Meet the iPad, circa 1983

The iPad is all the rage today, but Apple’s been working on tablet computers for a long time. The Newton is the obvious example of an ancestral form of iDevice, but it was far from the only (or oldest) concept Apple dallied with. While doing some research online I came across these photos of early Apple prototype tablet. Designed as concept pieces in 1983 (pre-Macintosh) by the legendary Frog Design – who did many of Apple’s early designs – these pictures show Apple’s efforts in a very different era:

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The “Bashful” — named after the story-book dwarf in Snow White — was created alongside the Apple II computer series as an extension of the Snow White design language that frog Founder Hartmut Essligner helped create for the company in 1983. Concepts for this early pre-touch tablet included one with an attached keyboard and one with a floppy disk drive and convenient handle for maximum portability. An attached stylus helped the user interact with the screen. [Frog Design]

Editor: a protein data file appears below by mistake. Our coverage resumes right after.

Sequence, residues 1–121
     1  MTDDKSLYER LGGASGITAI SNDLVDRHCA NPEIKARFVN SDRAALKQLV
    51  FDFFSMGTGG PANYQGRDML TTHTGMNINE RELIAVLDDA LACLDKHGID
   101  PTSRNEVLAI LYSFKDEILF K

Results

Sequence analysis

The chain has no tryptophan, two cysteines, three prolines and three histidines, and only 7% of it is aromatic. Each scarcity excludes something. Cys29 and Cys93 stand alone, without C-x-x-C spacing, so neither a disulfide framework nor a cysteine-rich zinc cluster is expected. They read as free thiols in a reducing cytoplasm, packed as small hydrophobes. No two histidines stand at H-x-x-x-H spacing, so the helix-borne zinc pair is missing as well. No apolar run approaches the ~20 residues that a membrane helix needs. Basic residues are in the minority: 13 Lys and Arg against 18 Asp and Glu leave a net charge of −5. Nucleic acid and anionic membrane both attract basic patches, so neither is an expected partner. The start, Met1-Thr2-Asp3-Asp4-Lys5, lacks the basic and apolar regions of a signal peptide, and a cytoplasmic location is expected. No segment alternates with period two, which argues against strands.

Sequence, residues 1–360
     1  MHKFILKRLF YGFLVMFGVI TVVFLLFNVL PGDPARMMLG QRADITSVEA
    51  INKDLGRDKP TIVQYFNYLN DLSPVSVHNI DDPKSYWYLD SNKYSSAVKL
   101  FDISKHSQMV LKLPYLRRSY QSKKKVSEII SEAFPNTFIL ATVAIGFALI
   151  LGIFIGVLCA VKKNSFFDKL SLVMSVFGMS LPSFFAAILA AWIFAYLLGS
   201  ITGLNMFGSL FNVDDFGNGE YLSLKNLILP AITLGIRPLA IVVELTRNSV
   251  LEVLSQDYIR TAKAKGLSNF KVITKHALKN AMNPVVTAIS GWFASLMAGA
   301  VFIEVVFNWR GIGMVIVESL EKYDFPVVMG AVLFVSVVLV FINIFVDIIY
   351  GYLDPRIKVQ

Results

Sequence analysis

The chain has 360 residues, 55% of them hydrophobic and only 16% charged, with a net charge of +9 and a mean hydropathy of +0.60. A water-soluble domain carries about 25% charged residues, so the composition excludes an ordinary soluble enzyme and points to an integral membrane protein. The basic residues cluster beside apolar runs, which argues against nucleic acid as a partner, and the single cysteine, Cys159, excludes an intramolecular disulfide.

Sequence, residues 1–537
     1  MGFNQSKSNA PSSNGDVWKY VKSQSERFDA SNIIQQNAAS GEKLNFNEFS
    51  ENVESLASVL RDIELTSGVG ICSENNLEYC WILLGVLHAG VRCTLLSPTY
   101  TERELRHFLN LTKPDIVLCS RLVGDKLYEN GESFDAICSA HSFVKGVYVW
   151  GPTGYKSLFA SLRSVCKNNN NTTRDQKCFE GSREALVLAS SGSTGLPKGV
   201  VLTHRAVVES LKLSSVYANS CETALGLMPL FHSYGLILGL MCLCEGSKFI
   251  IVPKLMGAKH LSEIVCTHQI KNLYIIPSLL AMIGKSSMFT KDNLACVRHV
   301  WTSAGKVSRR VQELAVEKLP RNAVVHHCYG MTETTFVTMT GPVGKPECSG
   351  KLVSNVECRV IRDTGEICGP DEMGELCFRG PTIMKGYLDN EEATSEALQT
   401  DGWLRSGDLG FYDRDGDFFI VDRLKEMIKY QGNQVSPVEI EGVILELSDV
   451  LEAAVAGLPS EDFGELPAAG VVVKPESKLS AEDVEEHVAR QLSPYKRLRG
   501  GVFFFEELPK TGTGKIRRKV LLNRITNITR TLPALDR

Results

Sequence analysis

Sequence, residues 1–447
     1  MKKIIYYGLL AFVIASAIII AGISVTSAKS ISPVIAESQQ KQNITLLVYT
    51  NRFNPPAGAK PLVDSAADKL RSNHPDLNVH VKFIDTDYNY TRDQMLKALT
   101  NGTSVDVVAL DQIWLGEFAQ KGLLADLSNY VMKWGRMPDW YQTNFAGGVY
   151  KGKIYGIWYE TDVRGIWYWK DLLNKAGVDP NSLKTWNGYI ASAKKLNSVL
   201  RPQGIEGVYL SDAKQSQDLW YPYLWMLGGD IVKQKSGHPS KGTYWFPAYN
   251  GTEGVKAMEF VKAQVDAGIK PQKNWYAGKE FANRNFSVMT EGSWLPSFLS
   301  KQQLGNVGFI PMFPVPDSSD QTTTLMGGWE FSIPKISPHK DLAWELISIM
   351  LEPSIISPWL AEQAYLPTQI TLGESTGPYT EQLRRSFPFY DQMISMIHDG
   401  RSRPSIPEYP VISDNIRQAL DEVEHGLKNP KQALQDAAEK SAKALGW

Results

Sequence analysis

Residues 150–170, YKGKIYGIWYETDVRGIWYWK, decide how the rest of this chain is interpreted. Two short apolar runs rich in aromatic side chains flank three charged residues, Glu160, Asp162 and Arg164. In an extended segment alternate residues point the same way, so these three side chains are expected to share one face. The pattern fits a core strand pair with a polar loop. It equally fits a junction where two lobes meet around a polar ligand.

Given that Apple has been working on tablets for so long, it is a bit odd that the only thing released prior to the debut of the iPhone was the Newton – and this was by John Sculley, while Steve Jobs was at NeXT. When Jobs returned to Apple he famously killed the Newton, which has always been portrayed as a stab at Sculley and a disdain for PDAs.

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But was it? Perhaps as much as anything else the need for a stylus for input rated Jobs’ repeated #FAIL behavior. All of these pre-iDevice tablets use a stylus and/or keyboard for input. It was only when touch screen technology got good enough that Apple finally released it’s first tablet device. And Steve is adamant about using touch, rather than a stylus or a keyboard, on Apple’s mobile computing devices. Hmmm….

For a summary of pre-iPad efforts see Tablet Heritage: The history of Apple’s fabled iSlate.

 


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